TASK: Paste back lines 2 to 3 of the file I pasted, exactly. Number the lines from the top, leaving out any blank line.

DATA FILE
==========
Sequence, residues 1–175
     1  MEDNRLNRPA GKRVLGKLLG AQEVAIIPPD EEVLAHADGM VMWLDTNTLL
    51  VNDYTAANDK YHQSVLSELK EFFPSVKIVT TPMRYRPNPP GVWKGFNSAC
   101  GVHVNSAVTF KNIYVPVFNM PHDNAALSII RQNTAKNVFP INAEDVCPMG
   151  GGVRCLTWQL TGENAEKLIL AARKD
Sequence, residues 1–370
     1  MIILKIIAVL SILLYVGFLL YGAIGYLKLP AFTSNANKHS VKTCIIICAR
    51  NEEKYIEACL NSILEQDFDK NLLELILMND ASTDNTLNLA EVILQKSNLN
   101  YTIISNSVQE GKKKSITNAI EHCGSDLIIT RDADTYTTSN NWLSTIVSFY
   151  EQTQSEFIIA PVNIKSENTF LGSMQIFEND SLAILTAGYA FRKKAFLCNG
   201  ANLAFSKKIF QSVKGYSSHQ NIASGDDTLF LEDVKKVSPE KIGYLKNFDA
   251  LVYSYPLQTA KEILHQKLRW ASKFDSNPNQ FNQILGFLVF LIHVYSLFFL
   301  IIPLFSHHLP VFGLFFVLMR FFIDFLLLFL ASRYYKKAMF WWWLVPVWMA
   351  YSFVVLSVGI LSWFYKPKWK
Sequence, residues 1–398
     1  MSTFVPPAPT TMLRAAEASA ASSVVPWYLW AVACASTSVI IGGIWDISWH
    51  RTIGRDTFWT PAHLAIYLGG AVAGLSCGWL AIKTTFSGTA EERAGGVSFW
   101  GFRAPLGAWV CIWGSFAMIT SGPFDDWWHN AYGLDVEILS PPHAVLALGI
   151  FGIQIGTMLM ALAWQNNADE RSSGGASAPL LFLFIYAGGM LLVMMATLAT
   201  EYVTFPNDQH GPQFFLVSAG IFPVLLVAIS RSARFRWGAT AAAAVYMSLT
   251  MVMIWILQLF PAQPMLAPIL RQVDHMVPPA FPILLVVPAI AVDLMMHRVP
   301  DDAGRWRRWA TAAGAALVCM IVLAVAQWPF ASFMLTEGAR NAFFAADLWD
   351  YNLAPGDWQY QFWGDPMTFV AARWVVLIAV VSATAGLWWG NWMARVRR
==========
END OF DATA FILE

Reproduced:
     1  MEDNRLNRPA GKRVLGKLLG AQEVAIIPPD EEVLAHADGM VMWLDTNTLL
    51  VNDYTAANDK YHQSVLSELK EFFPSVKIVT TPMRYRPNPP GVWKGFNSAC